Samples and Study Design

Study 1 included two samples: (1) a national sample of OIF/OEF veterans who used VA healthcare from fiscal year (FY) 2004 to FY2007 selected on the basis of the OIF/OEF Algorithm (outlined in the Figure) for a study examining OIF/OEF veteran reintegration problems and treatment interests and (2) OIF/OEF veterans included in the OIF/OEF Roster with military discharges through December 2007 who had VA health services use data from FY2004 to FY2007. Study 2 included a sample of veterans who had at least one diagnosis of posttraumatic stress disorder (PTSD) in VA health services use data during FY2008 or FY2009 for a study of PTSD treatment participation. In study 2, we compared those who self-reported OIF/OEF POS on the completed survey with those we identified as OIF/OEF veterans using the OIF/OEF Algorithm.

 Flowcharts for obtaining Operation Iraqi Freedom/Operation Enduring Freedom (OIF/OEF) veteran status using Department of Veterans Affairs health services use data compared with Veterans Health Administration (VHA) Support Service Center OIF/OEF Roster and self-reported survey data.

Figure 1. Click Image to Enlarge

View as PowerPoint Slide


For study 1, we used VA health services use data to obtain demographic information and health services use information, including psychiatric diagnoses and use of a VA facility in the past 2 years. For study 2, we obtained age from VA health services use data. We used the self-report survey for all other demographic information and POS. The survey included a question about which conflicts the survey recipient served in. We classified survey respondents who indicated they had participated in OEF (2001-present), OIF (2003-present), or the Global War on Terrorism (2004-present) as self-reported OIF/OEF veterans.

OIF/OEF Algorithm Based on VA Health Services Use Data: Design and Data Source

OIF/OEF veterans are, by definition, combat veterans discharged after October 1, 2001, and eligible for VA services. Before the National Defense Authorization Act of 2008 was enacted on January 28, 2008, the VA granted OIF/OEF combat veterans discharged or released from Active Duty on or after January 28, 2003, eligibility to enroll for VA healthcare for 2 years from the date of discharge or release. That end date has subsequently been expanded to 5 years [15].

To identify OIF/OEF veterans, we restricted the following three variables in the SF file: (1) combat eligibility flag, (2) end date of VA healthcare eligibility, and (3) POS. It should be noted that the variable indicating the end date of VA healthcare eligibility will exist only if the combat eligibility flag occurs in a veteran's record. We defined the end date of VA healthcare eligibility differently in study 1 and study 2. Because the researchers prioritized surveying OIF veterans who would have been discharged after October 2003, we specified selection of those veterans with an eligibility end date after October 1, 2005, for study 1. For study 2, we used an earlier VA eligibility end date (October 1, 2003) to encompass a larger proportion of OEF veterans, since the war began in 2001. The Figure depicts the OIF/OEF Algorithm.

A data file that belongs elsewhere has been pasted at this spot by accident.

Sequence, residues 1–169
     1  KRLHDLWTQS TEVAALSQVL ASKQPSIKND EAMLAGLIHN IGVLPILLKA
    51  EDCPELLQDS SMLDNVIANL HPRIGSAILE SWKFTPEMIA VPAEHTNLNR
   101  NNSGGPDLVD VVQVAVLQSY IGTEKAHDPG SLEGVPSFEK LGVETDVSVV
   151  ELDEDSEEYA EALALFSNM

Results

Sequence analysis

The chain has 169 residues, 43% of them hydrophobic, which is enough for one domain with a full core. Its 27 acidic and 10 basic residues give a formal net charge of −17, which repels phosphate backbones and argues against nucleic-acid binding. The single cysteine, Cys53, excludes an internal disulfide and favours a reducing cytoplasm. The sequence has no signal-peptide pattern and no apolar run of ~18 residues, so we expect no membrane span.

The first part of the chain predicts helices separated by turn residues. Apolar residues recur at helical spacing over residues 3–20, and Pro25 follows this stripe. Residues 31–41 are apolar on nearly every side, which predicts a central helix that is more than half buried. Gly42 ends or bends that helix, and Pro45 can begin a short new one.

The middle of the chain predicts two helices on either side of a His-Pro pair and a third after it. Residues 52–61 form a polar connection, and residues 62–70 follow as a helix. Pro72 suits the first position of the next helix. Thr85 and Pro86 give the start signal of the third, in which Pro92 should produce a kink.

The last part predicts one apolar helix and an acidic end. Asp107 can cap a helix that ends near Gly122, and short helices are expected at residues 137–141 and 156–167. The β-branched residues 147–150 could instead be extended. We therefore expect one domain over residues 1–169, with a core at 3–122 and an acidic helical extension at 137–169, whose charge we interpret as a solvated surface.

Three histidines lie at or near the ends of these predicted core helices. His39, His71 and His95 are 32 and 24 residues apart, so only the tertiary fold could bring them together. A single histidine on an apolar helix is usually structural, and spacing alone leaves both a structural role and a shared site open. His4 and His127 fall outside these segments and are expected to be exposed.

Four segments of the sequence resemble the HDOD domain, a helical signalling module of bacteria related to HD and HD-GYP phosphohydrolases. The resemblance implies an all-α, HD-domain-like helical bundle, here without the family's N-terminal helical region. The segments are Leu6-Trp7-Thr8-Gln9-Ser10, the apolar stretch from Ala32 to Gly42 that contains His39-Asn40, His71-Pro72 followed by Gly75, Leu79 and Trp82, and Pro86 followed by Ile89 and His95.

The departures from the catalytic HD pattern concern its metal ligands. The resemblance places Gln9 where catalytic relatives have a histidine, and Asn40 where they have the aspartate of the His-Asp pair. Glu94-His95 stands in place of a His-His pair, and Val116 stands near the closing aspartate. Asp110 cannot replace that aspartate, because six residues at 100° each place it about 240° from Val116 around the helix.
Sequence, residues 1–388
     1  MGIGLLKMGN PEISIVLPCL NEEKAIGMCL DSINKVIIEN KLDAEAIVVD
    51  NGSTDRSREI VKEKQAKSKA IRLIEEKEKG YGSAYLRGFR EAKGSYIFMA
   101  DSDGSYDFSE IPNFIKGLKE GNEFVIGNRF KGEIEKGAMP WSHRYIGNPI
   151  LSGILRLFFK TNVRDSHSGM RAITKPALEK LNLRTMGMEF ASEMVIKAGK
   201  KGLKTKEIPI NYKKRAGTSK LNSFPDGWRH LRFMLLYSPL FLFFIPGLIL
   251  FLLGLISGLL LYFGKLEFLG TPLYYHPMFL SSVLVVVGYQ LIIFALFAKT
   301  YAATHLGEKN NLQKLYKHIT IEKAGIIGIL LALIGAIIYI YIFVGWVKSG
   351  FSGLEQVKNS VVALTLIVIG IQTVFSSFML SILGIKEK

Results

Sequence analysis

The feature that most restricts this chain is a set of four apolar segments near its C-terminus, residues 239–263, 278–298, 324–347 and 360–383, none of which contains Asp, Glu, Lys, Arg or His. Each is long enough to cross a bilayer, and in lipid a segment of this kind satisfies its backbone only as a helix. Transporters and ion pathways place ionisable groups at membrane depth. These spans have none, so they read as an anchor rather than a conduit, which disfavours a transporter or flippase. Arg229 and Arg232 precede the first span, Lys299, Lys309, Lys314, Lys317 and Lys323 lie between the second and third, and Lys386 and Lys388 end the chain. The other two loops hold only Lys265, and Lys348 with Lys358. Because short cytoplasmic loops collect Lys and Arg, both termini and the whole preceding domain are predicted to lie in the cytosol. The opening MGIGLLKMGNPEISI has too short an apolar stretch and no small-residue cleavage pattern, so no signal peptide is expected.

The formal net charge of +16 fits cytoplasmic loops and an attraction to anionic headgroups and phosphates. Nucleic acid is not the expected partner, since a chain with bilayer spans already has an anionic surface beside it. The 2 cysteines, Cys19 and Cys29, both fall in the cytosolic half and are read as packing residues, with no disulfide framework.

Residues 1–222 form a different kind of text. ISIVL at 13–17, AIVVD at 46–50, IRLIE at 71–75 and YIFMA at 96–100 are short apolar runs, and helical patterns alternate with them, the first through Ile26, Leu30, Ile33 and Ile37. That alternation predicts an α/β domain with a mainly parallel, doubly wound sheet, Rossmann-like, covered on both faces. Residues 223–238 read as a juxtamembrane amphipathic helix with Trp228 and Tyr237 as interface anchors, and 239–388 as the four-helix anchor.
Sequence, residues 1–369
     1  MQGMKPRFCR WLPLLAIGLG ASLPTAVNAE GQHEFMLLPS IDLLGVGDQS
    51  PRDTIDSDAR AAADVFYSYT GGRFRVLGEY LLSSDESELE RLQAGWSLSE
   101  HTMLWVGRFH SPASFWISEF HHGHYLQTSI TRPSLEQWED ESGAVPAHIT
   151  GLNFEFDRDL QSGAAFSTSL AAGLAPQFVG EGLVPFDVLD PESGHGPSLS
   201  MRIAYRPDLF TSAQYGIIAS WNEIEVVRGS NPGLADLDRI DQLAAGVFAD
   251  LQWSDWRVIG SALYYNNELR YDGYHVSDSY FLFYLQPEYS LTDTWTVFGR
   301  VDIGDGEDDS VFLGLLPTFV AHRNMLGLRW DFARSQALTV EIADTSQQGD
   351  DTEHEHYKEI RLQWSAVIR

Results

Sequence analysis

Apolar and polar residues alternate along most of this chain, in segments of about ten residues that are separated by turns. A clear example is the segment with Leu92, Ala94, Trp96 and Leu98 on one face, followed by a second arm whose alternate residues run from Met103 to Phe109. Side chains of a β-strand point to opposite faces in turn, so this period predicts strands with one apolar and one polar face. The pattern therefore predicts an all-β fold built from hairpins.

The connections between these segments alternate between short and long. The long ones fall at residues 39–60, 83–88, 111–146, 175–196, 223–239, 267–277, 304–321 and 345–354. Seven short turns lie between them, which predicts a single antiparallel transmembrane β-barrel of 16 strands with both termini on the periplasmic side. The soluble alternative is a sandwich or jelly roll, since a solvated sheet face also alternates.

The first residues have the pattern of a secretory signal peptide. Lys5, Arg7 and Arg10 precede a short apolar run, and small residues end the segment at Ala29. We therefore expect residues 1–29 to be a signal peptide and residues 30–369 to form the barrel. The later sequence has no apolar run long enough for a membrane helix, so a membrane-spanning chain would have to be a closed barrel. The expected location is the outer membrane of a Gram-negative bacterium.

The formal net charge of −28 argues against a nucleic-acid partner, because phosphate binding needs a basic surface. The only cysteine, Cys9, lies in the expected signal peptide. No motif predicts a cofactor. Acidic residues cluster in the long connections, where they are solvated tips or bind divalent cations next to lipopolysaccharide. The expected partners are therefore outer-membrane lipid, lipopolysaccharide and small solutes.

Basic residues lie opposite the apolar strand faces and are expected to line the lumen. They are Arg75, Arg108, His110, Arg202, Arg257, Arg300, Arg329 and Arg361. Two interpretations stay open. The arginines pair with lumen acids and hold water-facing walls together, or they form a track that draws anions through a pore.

Statistical Analysis

The gold standards were the OIF/OEF Roster and self-report survey for study 1 and study 2, respectively. We performed analyses with SAS 9.1 software (SAS Incorporation Inc; Cary, North Carolina).

For studies 1 and 2, we calculated sensitivity and PPV. For study 2, we also calculated specificity and negative predictive value (NPV). However, given that the OIF/OEF Roster only includes OIF/OEF veterans, we were unable to calculate specificity or NPV for study 1. To compare demographic characteristics for study 1 and study 2, we used Pearson chi-square tests for categorical variables and two-sample t-tests for continuous variables. For study 1, we also used the nonparametric Wilcoxon rank-sum test for number of visits because of the significant positive skew in its distribution.

Study 1: OIF/OEF Algorithm Versus VHA Support Service Center OIF/OEF Roster

Of the 181,612 potential OIF/OEF veterans we identified using of OIF/OEF Algorithm, we confirmed 92 percent (PPV, n = 167,110) as OIF/OEF when compared with the OIF/OEF Roster. However, our OIF/OEF Algorithm failed to identify 119,758 OIF/OEF veterans. The sensitivity was 58 percent (167,110/286,868) and the false negative rate was 42 percent. There were differences between those OIF/OEF veterans identified using our OIF/OEF Algorithm and those OIF/OEF veterans we failed to identify (Table 1). The small differences in age and sex reached statistical significance because of the large sample size. The differences in rate of psychiatric diagnoses and healthcare use, however, appear meaningful.

Table 1.
Comparison of Operation Iraqi Freedom/Operation Enduring Freedom (OIF/OEF) veterans selected using OIF/OEF Algorithm versus OIF/OEF veterans not selected.

Confirmed OIF/OEF Veteran*
(n = 167,110)
Not Selected
(n = 119,758)

Male, n (%)
147,057 (88)
104,190 (87)
Reservist, n (%)
90,240 (54)
55,089 (46)
Diagnosis in VA Records, n (%)
17,463 (10.5)
8,168 (6.82)
54,528 (32.6)
18,371 (15.3)
Mood Disorder
44,669 (26.7)
17,964 (15.0)
1,855 (1.1)
886 (0.7)
MH Visit Recorded, n (%)
18,766 (11.2)
9,233 (7.7)
Number of VA Appointments (median)
Age (mean ± SD)
33.2 ± 9.0
36 ± 9.8

*OIF/OEF veteran status confirmed using Veterans Health Administration Support Service Center OIF/OEF Roster.
Based on at least one ICD-9-CM code in VA health services use data 2 years before survey. ICD-9-CM codes used for diagnoses are as follows:
Anxiety = 300.0, 300.2, 300.3, 308, 309.
PTSD = 309.81.
Mood Disorder = 296, 300.4, 311.